Do you know what this cake says?
Last week I gave a baby shower for an American friend. It's her fourth baby and we just really wanted to celebrate this new life.
Of course, this kind of thing is prime language learning. I met with my language helper and had her give me the vocabulary to order a cake at a bakery. I practiced for a while with her and then we rode off on our bikes to the bakery near my apartment. It was closed. So we rode over to a different bakery across the Northeastern University Campus. Mind you, it was below twenty degrees!
So we go into the bakery and order a cake. I spoke "Chinese" and my language helper clarified in Chinese. I acted out a pregnant woman. I said "cake" and "baby" and "not a birthday." My helper said the same things so that the bakery woman could stop looking so blank and confused.
Baby shower's are unheard of in China. You would never celebrate before a baby is born. So when we looked at the cake book to choose a design, there was nothing with a baby on it. There was plenty of Pokemon and other children's themes but nothing sweet or baby like. So we decided on a semi-attractive theme of blue flowers and clarified again "Not a birthday."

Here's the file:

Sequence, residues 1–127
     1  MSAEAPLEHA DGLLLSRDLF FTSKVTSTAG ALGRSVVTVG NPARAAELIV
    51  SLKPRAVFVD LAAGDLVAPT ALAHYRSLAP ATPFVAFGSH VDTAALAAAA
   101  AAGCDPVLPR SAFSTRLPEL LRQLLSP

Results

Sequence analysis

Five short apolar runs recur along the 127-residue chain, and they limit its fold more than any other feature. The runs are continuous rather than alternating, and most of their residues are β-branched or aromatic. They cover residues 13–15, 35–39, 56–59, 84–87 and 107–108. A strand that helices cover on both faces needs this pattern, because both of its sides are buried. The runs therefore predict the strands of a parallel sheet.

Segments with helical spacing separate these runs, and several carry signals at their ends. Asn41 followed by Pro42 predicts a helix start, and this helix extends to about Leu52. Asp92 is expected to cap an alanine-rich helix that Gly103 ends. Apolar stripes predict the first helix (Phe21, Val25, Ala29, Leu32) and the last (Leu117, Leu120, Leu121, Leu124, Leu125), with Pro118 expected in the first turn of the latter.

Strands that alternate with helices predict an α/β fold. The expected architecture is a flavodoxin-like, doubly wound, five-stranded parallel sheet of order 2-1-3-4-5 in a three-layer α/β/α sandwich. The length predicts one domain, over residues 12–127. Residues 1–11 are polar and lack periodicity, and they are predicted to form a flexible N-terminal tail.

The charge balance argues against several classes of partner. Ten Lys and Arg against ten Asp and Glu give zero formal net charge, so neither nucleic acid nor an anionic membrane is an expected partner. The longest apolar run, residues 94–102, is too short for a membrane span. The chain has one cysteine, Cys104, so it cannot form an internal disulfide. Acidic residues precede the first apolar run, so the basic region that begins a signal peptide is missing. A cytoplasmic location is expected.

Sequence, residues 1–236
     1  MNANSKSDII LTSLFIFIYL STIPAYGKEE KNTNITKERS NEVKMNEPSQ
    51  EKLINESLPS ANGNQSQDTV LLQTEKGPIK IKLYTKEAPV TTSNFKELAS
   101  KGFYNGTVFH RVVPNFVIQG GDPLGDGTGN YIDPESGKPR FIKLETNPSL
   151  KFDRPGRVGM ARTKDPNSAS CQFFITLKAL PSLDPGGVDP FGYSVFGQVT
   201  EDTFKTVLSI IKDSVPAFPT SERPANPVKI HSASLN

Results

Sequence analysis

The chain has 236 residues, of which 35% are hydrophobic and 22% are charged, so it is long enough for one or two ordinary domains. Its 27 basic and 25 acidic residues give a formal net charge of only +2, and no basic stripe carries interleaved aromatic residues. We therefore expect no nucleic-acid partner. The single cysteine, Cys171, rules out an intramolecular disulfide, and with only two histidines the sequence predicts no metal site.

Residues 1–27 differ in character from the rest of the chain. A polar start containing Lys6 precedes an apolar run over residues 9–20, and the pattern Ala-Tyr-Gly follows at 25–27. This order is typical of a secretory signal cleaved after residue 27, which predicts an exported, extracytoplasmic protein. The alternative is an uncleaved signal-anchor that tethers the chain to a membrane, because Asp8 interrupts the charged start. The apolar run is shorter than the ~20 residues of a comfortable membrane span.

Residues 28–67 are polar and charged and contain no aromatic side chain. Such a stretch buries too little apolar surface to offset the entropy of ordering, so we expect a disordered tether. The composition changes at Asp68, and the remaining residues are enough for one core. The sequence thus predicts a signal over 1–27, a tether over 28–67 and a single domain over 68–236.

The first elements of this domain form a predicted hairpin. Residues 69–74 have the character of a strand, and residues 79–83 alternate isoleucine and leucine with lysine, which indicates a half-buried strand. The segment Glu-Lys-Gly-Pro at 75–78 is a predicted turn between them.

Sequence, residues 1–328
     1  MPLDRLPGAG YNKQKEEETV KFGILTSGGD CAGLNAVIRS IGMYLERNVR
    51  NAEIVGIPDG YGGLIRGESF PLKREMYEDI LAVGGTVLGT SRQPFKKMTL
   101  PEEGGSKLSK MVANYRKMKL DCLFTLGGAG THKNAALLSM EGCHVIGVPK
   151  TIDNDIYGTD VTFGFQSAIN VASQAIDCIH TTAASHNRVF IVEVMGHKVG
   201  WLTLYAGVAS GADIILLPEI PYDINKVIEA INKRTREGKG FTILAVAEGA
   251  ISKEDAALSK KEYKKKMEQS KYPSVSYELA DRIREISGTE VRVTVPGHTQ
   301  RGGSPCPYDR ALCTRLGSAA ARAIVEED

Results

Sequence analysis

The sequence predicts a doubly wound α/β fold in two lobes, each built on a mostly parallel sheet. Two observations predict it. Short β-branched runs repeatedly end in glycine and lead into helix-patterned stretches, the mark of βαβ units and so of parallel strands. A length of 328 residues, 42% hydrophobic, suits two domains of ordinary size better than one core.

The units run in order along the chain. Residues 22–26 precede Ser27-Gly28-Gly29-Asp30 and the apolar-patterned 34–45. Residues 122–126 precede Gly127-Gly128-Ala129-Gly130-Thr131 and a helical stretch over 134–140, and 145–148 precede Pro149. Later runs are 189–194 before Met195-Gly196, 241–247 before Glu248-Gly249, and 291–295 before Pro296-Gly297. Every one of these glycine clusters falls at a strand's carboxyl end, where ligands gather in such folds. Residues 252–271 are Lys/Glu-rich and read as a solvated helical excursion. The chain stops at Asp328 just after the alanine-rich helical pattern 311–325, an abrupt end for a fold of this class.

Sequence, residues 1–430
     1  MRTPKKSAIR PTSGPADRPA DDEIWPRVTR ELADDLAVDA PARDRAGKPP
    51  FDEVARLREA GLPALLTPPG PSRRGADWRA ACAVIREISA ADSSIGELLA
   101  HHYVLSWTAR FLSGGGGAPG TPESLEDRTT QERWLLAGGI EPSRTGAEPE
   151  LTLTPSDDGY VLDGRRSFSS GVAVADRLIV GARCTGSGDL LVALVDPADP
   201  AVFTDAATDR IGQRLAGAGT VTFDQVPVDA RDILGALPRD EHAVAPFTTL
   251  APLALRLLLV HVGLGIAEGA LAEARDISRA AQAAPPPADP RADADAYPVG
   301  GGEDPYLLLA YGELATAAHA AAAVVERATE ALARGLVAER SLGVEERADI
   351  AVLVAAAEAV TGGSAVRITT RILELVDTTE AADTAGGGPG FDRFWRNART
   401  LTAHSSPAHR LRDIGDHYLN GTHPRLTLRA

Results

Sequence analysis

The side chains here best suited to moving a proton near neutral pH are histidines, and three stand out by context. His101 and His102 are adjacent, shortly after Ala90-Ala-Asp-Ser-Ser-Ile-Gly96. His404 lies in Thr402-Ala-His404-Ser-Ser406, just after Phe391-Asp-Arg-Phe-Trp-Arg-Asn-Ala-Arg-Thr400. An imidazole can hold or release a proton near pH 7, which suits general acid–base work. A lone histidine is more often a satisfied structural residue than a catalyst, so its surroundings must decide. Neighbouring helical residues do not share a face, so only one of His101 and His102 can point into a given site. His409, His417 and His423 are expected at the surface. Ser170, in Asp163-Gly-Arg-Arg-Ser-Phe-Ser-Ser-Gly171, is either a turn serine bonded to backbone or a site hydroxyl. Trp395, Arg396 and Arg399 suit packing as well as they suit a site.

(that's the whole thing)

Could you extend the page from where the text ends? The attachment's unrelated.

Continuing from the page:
I paid and told them that my husband would pick it up at 5:00. I clarified that he would be a Meiguoren, just in case it wasn't clear.
So at five o'clock, Paul rides his bike over to pick it up. He brings it home and we open it. It's pretty, it's a good size and what does it say? Sheng Ri Kaui Le! Happy Birthday! In characters of course! We even got a birthday crown and candles.
Anyway, we laughed our heads off and were told that every foreigner has a story of trying to order a cake. The cake was delicious, the shower was fun and now we are just waiting for the new baby to be born.